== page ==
House Oversight and Government Reform Committee Chairman Darrell Issa issued a scathing subpoena Wednesday to the Bureau of Alcohol, Tobacco, Firearms and Explosives over a series of botched undercover operations that left a wake of destruction behind them.

ATF ran sting operations posing as pawn and clothing shops in at least six cities across the country. The stings were first exposed in January 2013 by the Milwaukee Journal Sentinel.

Since then, ATF Director B. Todd Jones promised to cooperate with Issa's panel but has not turned over any of the documents the committee requested more than a year ago.

"I write to express my disappointment with the Bureau of Alcohol, Tobacco, Firearms and Explosives's complete lack of cooperation with the committee's investigation into ATF's dangerously mismanaged undercover storefront operations," Issa said in a letter to Jones.

"I have no choice today but to issue the enclosed subpoena to compel the production of documents relevant to the committee's investigation," Issa said.

Instead of getting guns off the streets, ATF agents created markets for stolen goods and weapons, let felons buy arms, recruited mentally disabled people to help find guns but then prosecuted their recruits, and damaged the properties they rented, according to the Journal Sentinel.

Jones was appointed acting ATF director in 2011 by Attorney General Eric Holder in the wake of the Fast and Furious scandal.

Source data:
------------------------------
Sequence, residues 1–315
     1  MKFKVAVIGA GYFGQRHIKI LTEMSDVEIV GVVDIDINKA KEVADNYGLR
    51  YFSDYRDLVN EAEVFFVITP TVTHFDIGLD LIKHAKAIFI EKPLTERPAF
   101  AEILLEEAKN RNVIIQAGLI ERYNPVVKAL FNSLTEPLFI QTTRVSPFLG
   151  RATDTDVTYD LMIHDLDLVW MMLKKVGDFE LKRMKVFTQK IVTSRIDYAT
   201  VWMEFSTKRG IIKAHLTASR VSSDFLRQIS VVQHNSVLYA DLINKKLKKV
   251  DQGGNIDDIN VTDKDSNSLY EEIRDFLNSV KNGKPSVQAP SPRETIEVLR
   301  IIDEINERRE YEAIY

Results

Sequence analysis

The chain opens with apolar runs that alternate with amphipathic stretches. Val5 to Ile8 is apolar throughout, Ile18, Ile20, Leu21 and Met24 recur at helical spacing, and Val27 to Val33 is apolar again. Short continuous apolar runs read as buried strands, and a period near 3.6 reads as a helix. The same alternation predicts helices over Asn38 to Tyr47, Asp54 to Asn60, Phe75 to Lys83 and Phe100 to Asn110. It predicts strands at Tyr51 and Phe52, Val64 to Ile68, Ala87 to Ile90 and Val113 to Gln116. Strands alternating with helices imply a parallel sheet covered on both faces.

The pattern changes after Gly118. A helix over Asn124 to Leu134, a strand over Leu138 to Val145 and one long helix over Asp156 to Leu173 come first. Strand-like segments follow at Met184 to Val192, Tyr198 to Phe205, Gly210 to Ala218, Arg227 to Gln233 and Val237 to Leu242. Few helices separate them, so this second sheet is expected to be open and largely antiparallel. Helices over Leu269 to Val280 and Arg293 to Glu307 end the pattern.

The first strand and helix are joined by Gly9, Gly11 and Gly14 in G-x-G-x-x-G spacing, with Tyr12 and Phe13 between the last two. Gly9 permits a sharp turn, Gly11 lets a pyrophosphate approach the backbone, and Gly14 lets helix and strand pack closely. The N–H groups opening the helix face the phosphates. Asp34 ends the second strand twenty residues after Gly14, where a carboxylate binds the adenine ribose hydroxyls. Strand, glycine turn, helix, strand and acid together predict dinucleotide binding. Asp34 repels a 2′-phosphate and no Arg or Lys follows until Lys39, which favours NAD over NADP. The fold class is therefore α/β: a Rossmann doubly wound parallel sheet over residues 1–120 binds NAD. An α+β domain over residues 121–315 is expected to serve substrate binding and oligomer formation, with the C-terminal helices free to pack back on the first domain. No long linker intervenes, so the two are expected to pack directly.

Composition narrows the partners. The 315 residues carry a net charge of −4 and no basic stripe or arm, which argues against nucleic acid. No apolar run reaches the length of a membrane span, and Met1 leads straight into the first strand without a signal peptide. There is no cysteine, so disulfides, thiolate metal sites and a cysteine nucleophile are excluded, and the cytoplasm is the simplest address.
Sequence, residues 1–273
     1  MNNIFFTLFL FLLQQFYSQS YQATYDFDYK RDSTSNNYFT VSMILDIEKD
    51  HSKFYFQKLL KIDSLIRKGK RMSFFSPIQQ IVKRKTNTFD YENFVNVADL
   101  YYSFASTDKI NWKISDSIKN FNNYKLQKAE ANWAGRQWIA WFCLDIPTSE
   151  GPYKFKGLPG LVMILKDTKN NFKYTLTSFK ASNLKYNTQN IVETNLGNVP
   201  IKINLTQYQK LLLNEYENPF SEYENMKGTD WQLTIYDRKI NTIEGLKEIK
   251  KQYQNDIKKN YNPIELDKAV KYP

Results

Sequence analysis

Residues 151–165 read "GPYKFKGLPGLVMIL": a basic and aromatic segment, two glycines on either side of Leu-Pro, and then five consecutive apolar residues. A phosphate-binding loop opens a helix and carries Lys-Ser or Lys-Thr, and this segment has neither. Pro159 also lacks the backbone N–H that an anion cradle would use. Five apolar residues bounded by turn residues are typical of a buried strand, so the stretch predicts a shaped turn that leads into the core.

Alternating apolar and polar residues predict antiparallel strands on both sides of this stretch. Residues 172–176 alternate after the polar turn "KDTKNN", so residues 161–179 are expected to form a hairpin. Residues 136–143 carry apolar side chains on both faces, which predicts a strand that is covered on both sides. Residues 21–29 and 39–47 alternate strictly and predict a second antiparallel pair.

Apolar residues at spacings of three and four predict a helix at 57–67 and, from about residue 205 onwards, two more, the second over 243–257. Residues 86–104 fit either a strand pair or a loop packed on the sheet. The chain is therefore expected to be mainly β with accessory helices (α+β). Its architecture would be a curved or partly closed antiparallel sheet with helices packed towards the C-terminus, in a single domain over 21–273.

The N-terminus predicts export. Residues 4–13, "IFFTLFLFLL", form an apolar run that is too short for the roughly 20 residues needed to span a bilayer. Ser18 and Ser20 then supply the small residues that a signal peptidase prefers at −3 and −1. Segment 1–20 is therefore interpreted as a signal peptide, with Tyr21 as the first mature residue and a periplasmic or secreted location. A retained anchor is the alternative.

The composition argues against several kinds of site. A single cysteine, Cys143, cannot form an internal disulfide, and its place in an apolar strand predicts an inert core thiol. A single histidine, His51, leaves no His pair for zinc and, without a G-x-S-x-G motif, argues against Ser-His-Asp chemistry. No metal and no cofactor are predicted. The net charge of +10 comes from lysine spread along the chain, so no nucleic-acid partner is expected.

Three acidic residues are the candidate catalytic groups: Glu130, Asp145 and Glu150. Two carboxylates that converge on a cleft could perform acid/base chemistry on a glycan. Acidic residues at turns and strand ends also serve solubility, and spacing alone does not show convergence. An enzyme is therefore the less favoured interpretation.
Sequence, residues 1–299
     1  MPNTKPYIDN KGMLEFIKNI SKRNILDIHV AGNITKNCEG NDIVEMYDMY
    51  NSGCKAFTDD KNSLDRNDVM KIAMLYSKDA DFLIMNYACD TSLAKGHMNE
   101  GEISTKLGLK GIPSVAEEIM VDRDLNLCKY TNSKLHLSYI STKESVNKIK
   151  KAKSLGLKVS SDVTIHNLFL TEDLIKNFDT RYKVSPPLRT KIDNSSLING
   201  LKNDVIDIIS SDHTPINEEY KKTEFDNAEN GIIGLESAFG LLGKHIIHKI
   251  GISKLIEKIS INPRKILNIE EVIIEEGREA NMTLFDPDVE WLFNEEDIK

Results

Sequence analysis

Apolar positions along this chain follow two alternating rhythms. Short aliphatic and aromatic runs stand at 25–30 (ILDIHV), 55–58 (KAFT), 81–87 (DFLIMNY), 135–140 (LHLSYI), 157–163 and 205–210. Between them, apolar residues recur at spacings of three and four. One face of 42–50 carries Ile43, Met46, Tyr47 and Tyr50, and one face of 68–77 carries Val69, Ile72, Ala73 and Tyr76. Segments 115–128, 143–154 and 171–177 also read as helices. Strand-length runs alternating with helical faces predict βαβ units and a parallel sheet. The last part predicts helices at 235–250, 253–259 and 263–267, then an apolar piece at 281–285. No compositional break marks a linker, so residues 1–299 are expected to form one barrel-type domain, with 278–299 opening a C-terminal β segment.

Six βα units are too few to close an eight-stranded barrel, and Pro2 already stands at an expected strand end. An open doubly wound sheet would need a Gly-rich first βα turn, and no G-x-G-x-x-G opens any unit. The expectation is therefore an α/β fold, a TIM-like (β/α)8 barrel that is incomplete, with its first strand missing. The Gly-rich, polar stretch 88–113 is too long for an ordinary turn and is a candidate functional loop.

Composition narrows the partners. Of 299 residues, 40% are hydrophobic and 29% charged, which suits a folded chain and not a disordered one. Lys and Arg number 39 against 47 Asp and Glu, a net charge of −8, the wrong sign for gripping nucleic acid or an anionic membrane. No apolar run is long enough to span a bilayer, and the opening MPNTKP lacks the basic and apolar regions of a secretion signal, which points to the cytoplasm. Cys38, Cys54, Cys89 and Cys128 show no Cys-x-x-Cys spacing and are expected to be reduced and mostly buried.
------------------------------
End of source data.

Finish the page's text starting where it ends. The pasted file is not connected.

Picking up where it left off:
He was then appointed to the post permanently by President Obama and confirmed by the Senate in 2013.

Issa said in his letter that Jones was sent to ATF to "end the reckless behavior that has defined ATF in recent years."

But the undercover operations exposed by the Journal Sentinel cast doubt on how well Jones has accomplished that goal, Issa said.

"The Milwaukee storefront operation, in particular, is troubling because it occurred entirely under your watch," Issa said.

"It is surprising that failures such as Operation Fearless in Milwaukee occurred despite this enhanced oversight from ATF leadership, and these operations call into question your leadership at ATF," Issa said.

Jones has until March 31 to turn over the requested documents, including plans, reports and communications related to the operations.

The Department of Justice's inspector general also recently announced it is investigating the matter as well.